Morbidity from ischemic heart disease in workers at a stainless steel welding factory


  • Bjørn Hilt
  • Torgunn Qvenild
  • Olve Rømyhr

















Key terms:



Angina pectoris, cardiovascular diseases, grinding, ischemic heart disease, metal workers,

myocardial infarction, stainless steel, welding

In accord with some other studies, the results of the study support a hypothesis that there may

be a relation between exposure factors to which stainless steel metal workers are exposed and an increased

risk of ischemic heart disease.

There were 236 men from the study group and 989 men from the control group who fulfilled the

inclusion criteria, and who answered the questionnaires. The bivariate analysis showed that the study group

had an increased age and smoking adjusted prevalence of "chest pain on exercise" and "angina pectoris"

with ratios 2.3 (95% CI 1.5–4.9) and 2.6 (95% 1.2–5.7) respectively. When using multiple logistic regression

analysis with control for potential confounding factors, the odds ratios for the study group as compared

to the control group, were 2.6 (95% CI 1.3–5.3) for "chest pain on exercise", 2.5 (95% CI 1.1–5.8) for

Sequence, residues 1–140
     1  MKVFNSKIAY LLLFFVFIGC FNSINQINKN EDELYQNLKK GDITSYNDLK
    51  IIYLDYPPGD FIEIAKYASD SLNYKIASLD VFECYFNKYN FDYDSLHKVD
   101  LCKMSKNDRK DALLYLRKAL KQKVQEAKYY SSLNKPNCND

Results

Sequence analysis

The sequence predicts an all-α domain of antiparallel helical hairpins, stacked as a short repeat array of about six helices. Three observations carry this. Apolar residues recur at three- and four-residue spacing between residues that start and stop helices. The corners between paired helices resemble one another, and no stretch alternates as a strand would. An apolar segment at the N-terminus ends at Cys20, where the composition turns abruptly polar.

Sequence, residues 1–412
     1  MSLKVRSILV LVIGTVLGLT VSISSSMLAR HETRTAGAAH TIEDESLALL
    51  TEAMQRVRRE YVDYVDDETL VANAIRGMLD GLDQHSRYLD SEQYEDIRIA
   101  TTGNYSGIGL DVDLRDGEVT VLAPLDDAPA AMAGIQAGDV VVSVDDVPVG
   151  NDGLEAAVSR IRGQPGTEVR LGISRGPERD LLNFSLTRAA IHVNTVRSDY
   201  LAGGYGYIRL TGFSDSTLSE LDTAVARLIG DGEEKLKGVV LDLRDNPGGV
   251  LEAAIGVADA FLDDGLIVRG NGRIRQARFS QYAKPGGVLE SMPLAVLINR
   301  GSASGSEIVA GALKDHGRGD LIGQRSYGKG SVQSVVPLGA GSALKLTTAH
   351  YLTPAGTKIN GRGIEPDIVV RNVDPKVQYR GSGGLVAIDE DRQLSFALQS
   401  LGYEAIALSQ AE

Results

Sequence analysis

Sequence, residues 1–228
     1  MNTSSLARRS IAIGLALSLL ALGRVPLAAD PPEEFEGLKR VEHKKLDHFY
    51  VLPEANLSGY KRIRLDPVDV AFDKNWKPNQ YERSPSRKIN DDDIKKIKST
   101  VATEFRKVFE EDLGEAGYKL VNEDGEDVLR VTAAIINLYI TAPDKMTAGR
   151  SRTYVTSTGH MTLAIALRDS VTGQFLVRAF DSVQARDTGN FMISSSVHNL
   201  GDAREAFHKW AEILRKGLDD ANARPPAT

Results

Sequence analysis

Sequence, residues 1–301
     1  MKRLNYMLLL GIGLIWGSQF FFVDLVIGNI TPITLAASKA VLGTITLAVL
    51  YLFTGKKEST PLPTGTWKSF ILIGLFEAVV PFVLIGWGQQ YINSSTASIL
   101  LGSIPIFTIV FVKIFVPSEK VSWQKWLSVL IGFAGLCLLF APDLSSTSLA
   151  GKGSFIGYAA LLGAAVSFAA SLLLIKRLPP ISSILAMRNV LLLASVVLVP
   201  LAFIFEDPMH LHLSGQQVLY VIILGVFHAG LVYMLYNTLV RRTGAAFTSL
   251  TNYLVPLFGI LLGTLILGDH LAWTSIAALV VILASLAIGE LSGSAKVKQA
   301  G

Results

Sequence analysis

"angina pectoris", and 2.4 (95% CI 1.1–4.9) for myocardial infarction. The only explanatory variable which

showed statistically significant increased odds ratios for all three outcome variables was work with grinding,

with 2.4 (95% CI 1.0–5.5), 3.3 (1.3–8.5), and 2.5 (1.1–5.9) respectively.

All the men who had worked at the plant for more than one year since 1960, and who were under

the age of 70 years at the time of the study, were included in the study group. The control group was

randomly selected from the male population of the same town, and was categorically matched for age. A self

administered questionnaire was used to collect information on the occurrence of CVD and related symptoms,

background variables, and exposure factors. The validity of the outcome variables for a subgroup of

the participants was checked with their appointed general practitioners. This validation revealed a low sensitivity

and a high specificity for the outcome variables “chest pain on exercise” and “angina pectoris”, while

for “myocardial infarction” both the sensitivity and the specificity of the answers given were high.

To investigate whether there was an increased morbidity from cardiovascular diseases (CVD)

among welders and other workers at a stainless steel welding factory, and, if so, to see whether morbidity

could be linked to specific exposure factors.


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Author Biography

Olve Rømyhr





How to Cite

Hilt, B., Qvenild, T., & Rømyhr, O. (2009). Morbidity from ischemic heart disease in workers at a stainless steel welding factory. Norsk Epidemiologi, 9(1).